If the combination of nasal steroids and antihistamines still cannot provide sufficient relief from the symptoms, a new and thorough clinical investigation should be done in order to exclude underlying diseases that are of nonallergic origin, such as anatomical abnormalities, chronic sinusitis, nasal polyps, etc. These underlying diseases should be treated if they are judged responsible for (an important part of) the symptoms resistant to the given treatment.

If the patient still suffers after being treated for possible underlying disorders and after having been given topical steroids and antihistamines, the remaining symptoms will determine which further treatment should be given ( Fig. 3). In cases of resistant nasal obstruction, we can give a short-term course of topical decongestants (not longer than 10 days in order to avoid rhinitis medicamentosa), or an oral decongestant (time unrestricted), or a short course of oral steroids.

Figure 3.

Stepwise therapeutic approach in resistant cases of perennial allergic rhinitis in adults.

If all medical treatment fails to relieve the nasal obstruction because of hyperplasia or pronounced hypertrophy of the inferior turbinates, a surgical reduction can be performed. It should always be as minimally invasive as possible in order to prevent secondary atrophic rhinitis due to a too aggressive reduction.

If a patient presents especially watery rhinorrhoea that is refractory to treatment, topical ipratropium bromide is advised. The dose varies from individual to individual. As long as the rhinorrhoea persists, we recommend increasing the dose until a certain dryness in the nose is felt or until the maximum recommended dose is reached.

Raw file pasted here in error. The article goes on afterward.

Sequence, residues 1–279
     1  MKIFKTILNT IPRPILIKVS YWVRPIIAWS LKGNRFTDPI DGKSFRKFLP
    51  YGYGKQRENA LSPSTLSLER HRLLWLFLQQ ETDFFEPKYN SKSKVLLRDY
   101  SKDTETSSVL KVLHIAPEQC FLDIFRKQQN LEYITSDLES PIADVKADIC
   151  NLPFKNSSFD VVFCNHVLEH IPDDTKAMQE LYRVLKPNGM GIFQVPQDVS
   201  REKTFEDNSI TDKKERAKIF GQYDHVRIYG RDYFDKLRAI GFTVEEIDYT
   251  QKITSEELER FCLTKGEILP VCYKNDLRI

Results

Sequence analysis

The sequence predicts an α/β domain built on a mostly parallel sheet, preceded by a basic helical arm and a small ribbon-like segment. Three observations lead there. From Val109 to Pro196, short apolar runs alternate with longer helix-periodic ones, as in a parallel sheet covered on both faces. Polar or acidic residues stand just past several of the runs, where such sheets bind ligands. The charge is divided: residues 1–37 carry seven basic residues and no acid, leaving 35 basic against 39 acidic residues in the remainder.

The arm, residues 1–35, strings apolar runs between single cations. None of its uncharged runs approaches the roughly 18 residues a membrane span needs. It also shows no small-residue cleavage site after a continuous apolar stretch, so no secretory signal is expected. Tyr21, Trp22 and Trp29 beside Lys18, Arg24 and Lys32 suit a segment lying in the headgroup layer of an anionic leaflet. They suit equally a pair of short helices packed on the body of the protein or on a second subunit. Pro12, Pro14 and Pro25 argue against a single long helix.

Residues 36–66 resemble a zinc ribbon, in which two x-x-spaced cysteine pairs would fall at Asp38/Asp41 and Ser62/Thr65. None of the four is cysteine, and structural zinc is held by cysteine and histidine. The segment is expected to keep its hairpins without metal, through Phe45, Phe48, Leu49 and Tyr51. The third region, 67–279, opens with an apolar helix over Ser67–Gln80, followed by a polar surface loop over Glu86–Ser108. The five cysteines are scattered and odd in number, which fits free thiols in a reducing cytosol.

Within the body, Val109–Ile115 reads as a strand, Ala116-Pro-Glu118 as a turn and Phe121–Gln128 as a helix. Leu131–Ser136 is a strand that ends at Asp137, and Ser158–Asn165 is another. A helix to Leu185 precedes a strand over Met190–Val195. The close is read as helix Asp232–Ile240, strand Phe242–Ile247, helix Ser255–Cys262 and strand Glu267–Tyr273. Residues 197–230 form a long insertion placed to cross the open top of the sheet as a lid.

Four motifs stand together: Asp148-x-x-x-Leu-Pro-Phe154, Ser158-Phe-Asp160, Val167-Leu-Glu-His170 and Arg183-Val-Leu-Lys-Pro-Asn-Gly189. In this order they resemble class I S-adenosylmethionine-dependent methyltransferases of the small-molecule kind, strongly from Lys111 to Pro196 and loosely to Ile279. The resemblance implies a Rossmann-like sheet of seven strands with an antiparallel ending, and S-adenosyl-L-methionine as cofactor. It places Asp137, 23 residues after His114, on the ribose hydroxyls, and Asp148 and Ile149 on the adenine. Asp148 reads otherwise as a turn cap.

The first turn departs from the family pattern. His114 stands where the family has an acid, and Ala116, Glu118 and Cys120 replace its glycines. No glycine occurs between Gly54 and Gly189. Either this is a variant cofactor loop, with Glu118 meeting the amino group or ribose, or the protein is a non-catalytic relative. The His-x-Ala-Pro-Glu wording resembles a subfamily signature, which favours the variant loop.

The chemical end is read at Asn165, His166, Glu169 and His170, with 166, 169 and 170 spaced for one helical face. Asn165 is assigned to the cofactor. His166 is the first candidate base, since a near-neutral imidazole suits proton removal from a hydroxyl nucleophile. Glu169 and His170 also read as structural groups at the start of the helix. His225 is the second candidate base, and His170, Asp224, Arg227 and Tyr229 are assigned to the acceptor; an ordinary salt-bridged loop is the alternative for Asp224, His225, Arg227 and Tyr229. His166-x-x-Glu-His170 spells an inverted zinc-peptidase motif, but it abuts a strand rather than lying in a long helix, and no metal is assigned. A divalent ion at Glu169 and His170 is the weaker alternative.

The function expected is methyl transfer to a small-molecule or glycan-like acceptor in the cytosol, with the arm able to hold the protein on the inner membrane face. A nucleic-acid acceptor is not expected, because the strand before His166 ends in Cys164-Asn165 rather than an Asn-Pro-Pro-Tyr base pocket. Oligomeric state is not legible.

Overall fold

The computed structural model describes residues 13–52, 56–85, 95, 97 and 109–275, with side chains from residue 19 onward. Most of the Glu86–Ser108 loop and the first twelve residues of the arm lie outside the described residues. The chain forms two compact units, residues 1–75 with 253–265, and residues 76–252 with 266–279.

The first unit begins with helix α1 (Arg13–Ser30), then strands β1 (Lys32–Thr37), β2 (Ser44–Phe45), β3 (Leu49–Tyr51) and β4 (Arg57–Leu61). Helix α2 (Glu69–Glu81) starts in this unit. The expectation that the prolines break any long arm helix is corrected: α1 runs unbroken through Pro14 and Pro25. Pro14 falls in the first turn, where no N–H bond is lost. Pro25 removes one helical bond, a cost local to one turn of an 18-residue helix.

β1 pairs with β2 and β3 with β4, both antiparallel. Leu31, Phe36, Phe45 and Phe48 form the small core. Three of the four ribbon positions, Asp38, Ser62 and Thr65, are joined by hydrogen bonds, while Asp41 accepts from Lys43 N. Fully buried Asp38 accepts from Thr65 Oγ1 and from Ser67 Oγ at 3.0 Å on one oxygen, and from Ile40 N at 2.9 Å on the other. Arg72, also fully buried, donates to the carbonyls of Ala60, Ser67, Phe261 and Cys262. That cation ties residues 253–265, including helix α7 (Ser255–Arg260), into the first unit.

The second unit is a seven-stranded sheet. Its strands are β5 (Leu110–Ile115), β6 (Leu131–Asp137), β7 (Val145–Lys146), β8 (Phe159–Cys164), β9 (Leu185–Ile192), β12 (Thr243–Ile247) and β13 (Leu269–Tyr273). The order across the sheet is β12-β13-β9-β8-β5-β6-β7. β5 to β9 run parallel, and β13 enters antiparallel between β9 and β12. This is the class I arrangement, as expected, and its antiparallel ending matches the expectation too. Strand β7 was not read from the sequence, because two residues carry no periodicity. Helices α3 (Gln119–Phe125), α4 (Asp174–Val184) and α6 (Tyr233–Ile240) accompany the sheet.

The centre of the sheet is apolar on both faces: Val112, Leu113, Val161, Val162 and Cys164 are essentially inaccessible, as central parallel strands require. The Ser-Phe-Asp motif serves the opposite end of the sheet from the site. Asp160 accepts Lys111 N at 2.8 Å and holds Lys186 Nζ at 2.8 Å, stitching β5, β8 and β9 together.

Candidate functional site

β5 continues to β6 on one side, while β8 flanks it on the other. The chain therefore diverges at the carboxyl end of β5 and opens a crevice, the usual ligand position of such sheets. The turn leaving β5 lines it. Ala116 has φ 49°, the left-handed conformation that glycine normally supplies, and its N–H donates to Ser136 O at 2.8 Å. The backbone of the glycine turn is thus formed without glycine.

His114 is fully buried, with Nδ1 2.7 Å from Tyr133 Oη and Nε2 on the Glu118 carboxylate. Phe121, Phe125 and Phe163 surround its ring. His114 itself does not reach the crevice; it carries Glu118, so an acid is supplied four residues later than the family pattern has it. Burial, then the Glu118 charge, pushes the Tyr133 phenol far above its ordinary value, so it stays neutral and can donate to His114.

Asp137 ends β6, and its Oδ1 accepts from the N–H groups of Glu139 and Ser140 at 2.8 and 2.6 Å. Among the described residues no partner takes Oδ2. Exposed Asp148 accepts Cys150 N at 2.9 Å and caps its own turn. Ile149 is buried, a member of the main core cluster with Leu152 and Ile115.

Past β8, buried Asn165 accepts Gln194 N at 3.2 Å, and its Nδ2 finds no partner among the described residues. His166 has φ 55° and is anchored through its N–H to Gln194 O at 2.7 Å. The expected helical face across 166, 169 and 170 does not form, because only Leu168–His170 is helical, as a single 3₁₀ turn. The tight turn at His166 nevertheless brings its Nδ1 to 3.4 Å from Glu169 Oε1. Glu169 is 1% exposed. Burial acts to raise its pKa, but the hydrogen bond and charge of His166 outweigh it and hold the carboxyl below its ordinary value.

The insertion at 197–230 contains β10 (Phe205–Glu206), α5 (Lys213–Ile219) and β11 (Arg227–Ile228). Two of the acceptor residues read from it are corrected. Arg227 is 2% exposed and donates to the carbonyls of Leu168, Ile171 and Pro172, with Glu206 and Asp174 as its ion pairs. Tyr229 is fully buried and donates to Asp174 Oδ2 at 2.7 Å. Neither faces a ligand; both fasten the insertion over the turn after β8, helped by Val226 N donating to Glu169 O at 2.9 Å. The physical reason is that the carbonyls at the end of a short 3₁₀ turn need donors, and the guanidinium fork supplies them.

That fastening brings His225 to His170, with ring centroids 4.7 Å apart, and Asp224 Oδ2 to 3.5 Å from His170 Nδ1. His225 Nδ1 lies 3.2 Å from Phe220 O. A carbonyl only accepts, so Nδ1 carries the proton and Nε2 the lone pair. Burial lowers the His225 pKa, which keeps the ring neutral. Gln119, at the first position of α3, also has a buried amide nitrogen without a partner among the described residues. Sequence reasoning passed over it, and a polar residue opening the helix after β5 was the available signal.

Immunotherapy is a treatment directed against all symptoms and the underlying inflammation. The results are not as good as in pollen allergy, but with house-dust mite and with certain animal dander, satisfactory results can be reached.

In children

The principles of the treatment of children are the same as in adults, but special care has to be taken to avoid side-effects which are typical of this age group ( Fig. 4). Oral steroids should always be avoided in the treatment of PAR in young children. Avoidance of the responsible allergen is even more important in young children than in adults because of the risk of developing new sensitizations or additional tissue involvement.

Figure 4.

Stepwise therapeutic approach in perennial allergic rhinitis in young children.

When the symptoms are bothersome enough, strict environmental control is necessary to reduce symptoms and the need for further pharmacologic therapy or immunotherapy.